Where the Brontës have the Yorkshire Moors and Dickens has London, Hardy has his Wessex. Outside this trio, it is difficult to think of a writer who possesses such a powerful and intrinsic sense of place. It is at heart a simple story: the innocent country girl “ruined” by a predatory man. Published in the final year of Queen Victoria’s reign, it puts the Victorian’s archetype of the “Fallen Woman” against a backdrop of elemental forces, fate, nature, and the rushing change of the modern world. Where other narrative voices in this list merge with the thoughts of their protagonists, we watch Tess from the outside. Hardy’s genius is to take archetypes and use them to tell a story that is somehow bigger than the novel itself. In the ancient traditions of tragedy, this novel gives us that sense of tragic perfection and cosmic inevitability.
13. Three Men in a Boat, by Jerome K. Jerome
“I did not intend to write a funny book, at first,” Jerome said of this unlikely comedy classic. The literary journalist was trying to make money with a travel guide. This was the golden age of the Henley Regatta, and boating on the Thames was never more popular. This unassuming story of three hopeless city clerks on a boating trip became a comic gem. The set-up couldn’t be simpler; three men and a dog row up the River Thames from London to Oxford. The characters are entirely neurotic, the plot entirely mundane. Yet the three hypochondriacs’ adventures with taxidermy trout, jam sandwiches, and the greedy fox terrier Montmorency has undeniable charm. Lampooned by the critics, the book sold by the millions and its popularity remains today.
14. Frankenstein, by Mary Shelley
Shelley could not have been more squarely entrenched in the Romantic movement when she wrote Frankenstein. It was the summer of 1816, in the “year without a summer” with the world trapped in a long, volcanic winter following the eruption of Mount Tambora in Indonesia the year before. An 18-year-old unmarried Mary Shelley (née Godwin) was mourning the recent loss of her baby when she and her impoverished lover Percy Bysshe Shelley were visiting Lord Byron at his villa by Lake Geneva. With the weather cold and dreary, and storms raging at night, the group decided to amuse themselves with a contest to write the most frightening ghost story. In Shelley’s creation, a brilliant scientist plays God and creates life, with tragic and terrifying consequences. Shelley’s strength is in conveying the anguish and suffering of the creature who is cruelly rejected by his creator and grows disgusted with humanity: “If I cannot inspire love, I will cause fear!”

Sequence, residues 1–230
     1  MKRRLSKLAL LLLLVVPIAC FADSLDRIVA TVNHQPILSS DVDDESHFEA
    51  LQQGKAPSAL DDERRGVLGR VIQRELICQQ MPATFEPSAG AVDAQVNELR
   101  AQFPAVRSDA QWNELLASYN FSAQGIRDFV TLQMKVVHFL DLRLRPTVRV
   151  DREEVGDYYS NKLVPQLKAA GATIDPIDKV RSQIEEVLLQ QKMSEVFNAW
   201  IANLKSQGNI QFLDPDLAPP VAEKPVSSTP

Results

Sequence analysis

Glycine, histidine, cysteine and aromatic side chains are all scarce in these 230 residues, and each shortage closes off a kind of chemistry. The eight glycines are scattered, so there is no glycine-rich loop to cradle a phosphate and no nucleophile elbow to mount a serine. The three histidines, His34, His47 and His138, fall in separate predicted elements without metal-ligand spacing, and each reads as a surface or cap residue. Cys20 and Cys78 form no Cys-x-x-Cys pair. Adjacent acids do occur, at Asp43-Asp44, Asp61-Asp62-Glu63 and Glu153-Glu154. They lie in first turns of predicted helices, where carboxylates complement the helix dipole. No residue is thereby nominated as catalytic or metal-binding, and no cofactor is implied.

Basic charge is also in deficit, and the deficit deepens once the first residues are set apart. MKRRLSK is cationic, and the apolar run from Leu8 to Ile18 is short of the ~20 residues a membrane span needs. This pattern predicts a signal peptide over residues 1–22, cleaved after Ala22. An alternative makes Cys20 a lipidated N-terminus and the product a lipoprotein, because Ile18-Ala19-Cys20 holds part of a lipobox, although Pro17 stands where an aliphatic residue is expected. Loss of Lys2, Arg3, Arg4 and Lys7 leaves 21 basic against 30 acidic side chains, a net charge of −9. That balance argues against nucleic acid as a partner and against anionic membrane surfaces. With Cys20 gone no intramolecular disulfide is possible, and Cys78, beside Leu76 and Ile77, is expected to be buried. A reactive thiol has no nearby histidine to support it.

15. Vanity Fair, by William Makepeace Thackeray
Thackeray wrote his novel with the working title A Novel Without a Hero, but that itself is a point of contention. Reader sympathies vary toward the lively and upwardly mobile antihero Becky Sharp and her exuberant romp through Regency England. Thoroughly amoral, Becky is determined to topple the odds society has stacked against her on account of her shameful beginnings. “I want tomorrow to be better than today,” she says, anticipating shades of Scarlett O’Hara. Though her heartlessness becomes harder to stomach as the novel progresses, she remains a survivor and master of self-invention, fending for herself and taking others down around her. Becky’s strong sense of character leaps from the page, a testament to Thackeray’s iconic narrative voice.
16. A Scandal in Bohemia, by Arthur Conan Doyle
The world’s most famous detective began as a modest operation. When Arthur Conan Doyle introduced Sherlock Holmes in A Study in Scarlet, he made just £25. However, the unofficial consulting detective of 221B Baker Street soon caught the public’s imagination. Holmes’ outlandish skills of deduction and fascination with the troubled laid the groundwork for an entire genre. When Doyle eventually killed his detective at the Reichenbach Falls, The Strand Magazine lost 20,000 subscribers overnight. Of all his many adventures, one standout episode has to be A Scandal in Bohemia, which gave us the brilliant femme fatale and American opera singer Irene Adler, the woman who bests the King of Bohemia and Holmes himself. Though she only makes one appearance, “to Sherlock Holmes she is always ‘The Woman.’”